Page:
Béchamel sauce

Béchamel sauce (/ˌbʃəˈmɛl/ French: [beʃamɛl]) is a sauce traditionally made from a white roux (butter and flour in a 1:1 mixture) and milk.[1] Béchamel may also be referred to as besciamella (Italy),[2] besamel (Greece),[3] or white sauce (U.S.)[4] French, Italian and Greek Béchamel sauce recipes include salt and nutmeg as a seasoning base.[5][6][7]

Béchamel sauce
Bechamel sauce (2428653187).jpg
Alternative nameswhite sauce, besciamella, besamel
Main ingredientsButter, flour, milk
VariationsMornay sauce

Béchamel sauce is one of the "mother sauces" of French cuisine.


Milk infusing with bay leaf, peppercorns, shallot and flat-leaf parsley prior to being added to the roux

Some legends attribute the invention of béchamel to Louis de Béchameil, a financier who held the honorary post of chief steward to King Louis XIV of France in the 17th century. Others assert that it was brought to France from Italy in 1533 and named for the flour and water beautifying masks, 'balsamo,' used by women in Florence.[8] The first named béchamel sauce appears in The Modern Cook, written by Vincent La Chapelle and published in 1733,[9] in which the following recipe for "Turbots (a la Bechameille)" appears:

"Take some Parsley and Chibbol,[10] and mince them very small, put in a Saucepan a good lump of Butter, with your Parsley and Chibbol, and some minced Shallots, season'd with Salt and Pepper, some Nutmeg, and a dust of Flour: Take a Turbot boil'd in Court Bouillon, take it off by pieces and put it into your Stew-pan: put in a little Cream, Milk, or a little Water, put it over the Fire, and stir it now and then, that your Sauce may thicken; then let it be of a good Taste, dish it up, and serve it up hot for a first Course."[11]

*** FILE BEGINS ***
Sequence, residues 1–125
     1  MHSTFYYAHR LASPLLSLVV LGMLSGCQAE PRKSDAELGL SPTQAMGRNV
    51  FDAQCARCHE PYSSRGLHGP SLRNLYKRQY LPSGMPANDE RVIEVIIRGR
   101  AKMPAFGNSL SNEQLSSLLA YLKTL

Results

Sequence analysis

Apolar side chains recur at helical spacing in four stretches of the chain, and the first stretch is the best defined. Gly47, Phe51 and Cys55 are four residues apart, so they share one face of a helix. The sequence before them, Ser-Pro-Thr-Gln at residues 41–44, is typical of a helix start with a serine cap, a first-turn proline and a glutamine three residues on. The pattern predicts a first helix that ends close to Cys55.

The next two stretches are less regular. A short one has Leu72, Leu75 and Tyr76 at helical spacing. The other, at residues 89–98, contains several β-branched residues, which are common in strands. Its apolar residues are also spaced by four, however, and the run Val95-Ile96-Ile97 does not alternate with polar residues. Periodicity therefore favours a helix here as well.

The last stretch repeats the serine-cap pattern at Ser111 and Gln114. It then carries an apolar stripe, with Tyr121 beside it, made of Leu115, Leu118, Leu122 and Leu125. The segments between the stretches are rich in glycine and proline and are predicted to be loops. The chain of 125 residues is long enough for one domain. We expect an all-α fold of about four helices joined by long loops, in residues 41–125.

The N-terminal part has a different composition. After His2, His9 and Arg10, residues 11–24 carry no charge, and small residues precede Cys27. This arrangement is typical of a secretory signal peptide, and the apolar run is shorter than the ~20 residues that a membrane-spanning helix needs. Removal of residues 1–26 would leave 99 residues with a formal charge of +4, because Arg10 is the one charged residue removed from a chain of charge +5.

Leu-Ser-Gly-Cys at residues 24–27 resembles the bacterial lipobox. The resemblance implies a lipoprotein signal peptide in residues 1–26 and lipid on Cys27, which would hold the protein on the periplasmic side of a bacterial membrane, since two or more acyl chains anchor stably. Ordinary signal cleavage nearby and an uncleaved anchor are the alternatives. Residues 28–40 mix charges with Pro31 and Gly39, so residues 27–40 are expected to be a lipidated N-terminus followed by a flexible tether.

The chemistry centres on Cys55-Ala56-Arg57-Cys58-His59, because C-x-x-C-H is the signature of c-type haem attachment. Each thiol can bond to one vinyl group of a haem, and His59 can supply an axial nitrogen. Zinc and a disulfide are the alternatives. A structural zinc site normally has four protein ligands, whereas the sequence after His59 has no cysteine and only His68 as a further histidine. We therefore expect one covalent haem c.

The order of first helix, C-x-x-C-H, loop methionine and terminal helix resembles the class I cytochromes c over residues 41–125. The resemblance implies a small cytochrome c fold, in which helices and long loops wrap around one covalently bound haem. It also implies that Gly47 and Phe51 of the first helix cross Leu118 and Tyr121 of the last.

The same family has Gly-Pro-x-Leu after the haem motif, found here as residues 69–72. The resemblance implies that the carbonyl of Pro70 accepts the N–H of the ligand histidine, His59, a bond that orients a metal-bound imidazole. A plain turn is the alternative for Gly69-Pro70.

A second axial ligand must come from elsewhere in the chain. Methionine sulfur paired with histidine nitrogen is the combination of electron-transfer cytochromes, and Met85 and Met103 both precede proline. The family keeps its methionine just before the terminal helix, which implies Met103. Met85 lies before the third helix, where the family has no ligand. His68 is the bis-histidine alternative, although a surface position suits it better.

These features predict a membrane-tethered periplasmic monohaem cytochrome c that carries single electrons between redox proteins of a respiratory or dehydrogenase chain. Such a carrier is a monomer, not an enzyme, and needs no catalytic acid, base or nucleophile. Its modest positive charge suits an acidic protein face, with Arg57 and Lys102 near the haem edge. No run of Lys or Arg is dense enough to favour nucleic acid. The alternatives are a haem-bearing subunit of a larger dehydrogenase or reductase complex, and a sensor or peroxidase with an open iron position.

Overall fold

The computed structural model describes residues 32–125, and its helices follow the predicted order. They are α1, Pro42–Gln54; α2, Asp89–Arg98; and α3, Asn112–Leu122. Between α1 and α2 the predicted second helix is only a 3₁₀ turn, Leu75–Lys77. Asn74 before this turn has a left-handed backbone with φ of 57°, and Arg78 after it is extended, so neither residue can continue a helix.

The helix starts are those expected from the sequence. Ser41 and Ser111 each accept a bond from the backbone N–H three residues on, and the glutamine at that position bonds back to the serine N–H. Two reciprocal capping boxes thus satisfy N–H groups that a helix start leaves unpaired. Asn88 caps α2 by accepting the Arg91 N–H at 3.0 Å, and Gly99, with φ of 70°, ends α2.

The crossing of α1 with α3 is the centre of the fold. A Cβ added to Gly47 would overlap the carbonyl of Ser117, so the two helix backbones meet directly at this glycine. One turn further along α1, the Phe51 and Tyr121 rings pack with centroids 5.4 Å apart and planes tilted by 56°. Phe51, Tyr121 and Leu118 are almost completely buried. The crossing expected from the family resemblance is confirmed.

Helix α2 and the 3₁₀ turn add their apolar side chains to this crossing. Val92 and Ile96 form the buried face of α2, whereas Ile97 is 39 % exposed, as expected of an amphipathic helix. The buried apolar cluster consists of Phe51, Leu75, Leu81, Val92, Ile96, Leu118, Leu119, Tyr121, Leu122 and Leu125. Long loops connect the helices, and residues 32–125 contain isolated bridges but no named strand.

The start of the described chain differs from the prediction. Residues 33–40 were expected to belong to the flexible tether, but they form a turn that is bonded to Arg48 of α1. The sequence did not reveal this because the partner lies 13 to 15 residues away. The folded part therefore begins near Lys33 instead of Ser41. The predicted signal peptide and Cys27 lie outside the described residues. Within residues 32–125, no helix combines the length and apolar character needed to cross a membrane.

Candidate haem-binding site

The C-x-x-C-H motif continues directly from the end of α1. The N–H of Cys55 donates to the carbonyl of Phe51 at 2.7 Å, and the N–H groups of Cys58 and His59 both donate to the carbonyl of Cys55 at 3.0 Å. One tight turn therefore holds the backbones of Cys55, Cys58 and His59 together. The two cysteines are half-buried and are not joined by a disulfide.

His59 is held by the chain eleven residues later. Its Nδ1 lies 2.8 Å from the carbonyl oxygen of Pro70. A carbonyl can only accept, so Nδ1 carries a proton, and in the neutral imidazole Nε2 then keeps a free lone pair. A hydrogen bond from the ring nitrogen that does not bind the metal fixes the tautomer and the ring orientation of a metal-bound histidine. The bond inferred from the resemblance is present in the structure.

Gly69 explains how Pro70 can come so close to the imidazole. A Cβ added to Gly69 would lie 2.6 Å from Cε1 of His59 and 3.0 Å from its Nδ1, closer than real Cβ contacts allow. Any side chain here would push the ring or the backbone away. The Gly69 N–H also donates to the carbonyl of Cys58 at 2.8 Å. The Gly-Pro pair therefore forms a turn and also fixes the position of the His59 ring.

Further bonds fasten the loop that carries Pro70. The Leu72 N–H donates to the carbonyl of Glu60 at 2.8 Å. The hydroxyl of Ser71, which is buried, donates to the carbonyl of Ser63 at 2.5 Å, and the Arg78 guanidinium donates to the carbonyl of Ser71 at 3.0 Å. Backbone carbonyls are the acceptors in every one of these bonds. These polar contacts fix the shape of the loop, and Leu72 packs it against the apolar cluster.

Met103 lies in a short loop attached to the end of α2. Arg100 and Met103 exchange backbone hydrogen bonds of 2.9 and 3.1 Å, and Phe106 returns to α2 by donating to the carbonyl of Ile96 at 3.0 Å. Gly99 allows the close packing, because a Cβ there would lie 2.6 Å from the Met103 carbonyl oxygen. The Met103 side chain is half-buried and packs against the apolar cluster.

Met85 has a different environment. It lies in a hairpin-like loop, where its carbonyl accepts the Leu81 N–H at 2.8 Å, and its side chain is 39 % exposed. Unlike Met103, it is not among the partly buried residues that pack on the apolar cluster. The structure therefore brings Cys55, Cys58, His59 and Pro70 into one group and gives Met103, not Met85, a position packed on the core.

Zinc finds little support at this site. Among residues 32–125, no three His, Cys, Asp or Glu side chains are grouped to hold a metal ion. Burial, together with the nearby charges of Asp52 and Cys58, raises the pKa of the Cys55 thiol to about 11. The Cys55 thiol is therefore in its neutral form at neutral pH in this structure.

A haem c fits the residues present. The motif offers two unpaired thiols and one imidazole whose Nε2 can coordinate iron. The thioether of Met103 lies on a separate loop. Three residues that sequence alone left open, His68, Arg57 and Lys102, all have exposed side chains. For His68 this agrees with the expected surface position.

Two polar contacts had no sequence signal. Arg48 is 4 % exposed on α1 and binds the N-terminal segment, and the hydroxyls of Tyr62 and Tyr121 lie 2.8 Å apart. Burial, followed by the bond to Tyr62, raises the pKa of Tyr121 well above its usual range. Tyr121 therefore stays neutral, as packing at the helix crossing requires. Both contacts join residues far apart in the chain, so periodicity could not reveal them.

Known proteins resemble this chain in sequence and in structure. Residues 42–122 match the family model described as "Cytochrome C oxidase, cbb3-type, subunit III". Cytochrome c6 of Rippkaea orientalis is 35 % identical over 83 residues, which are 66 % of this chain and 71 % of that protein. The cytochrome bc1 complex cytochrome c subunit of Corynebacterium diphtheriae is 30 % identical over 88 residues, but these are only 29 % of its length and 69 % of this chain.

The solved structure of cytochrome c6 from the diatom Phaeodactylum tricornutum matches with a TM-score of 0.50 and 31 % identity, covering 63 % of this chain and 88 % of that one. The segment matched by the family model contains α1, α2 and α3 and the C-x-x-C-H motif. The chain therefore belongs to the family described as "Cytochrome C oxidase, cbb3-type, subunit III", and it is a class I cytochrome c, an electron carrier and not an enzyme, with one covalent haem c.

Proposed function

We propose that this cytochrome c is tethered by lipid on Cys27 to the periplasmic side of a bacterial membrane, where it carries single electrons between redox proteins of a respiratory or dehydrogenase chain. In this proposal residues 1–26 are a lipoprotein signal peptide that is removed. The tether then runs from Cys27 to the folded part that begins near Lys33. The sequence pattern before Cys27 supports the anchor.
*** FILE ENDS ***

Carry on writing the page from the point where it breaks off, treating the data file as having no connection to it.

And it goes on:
Béchamel can be used as is in dishes such as Lasagne al Forno (Italian)[12] or Moussaka (Greek),[13] or as the base for other sauces such as Mornay sauce, which is béchamel with cheese.[14]

See alsoEdit


  1. ^ "How to Make Bechamel Sauce". escoffieronline.com. 10 December 2014. Retrieved 8 October 2020.
  2. ^ Farideh Sadeghin (7 January 2008). "Besciamella (Italian-Style Béchamel Sauce)". saveur.com. Retrieved 8 October 2020.
  3. ^ Nancy Gaifyllia (27 March 2020). "A Basic Greek Besamel (Bechamel)". thespruceeats.com. Retrieved 8 October 2020.
  4. ^ Durand, Faith (2010-11-10). "How To Make a Béchamel Sauce (White Sauce)". Kitchn. AT Media. Retrieved 2020-09-10.
  5. ^ "Sauce béchamel par Alain Ducasse". L'Académie du Goût (in French). Retrieved 2020-10-16.
  6. ^ "Besciamella". Ricette di cucina - Le Ricette di GialloZafferano.it (in Italian). Retrieved 2020-10-16.
  7. ^ "Μπεσαμέλ (σάλτσα Μορνέ)". Άκης Πετρετζίκης. Retrieved 2020-10-16.
  8. ^ Kaufman, Kathy K. (February 2000). "What's in a Name? Some Thoughts on the Origins, Evolution, and Sad Demise of Bechamel Sauce". Milk: Beyond the Dairy : Proceedings of the Oxford Symposium on Food and Cookery 1999. Oxford Symposium. p. 193. ISBN 9781903018064.
  9. ^ Kurlansky, Mark (8 May 2018). Milk!: A 10,000-Year Food Fracas. Bloomsbury Publishing USA. ISBN 9781632863843.
  10. ^ "Oxford English Dictionary: chibol, n."
  11. ^ La Chappelle, Vincent (1733). The modern cook: containing instructions for preparing and ordering publick entertainments for the tables of princes, ambassadors, noblemen, and magistrates. As also the least expensive methods of providing for private families, in a very elegant manner. New receipts for dressing of meat, fowl, and fish; and making ragoûts fricassées, and pastry of all sorts, in a method, never before publish'd. Adorn'd with copperplates, exhibiting the order of placing the different dishes, &c. on the table, in the most polite way. London: T. Osborne. p. 138.
  12. ^ Jacqui Debono (27 February 2018). "Classic Lasagne al Forno with Bolognese". the-pasta-project.com. Retrieved 8 October 2020.
  13. ^ Eli K. Giannopoulos. "Traditional Greek Moussaka recipe (Moussaka with Béchamel)". mygreekdish.com. Retrieved 8 October 2020.
  14. ^ Delmy Dauenhauer, 10 Ways to Use Béchamel Sauce, London : SamEnrico, 2015, ISBN 9781505738384.

External linksEdit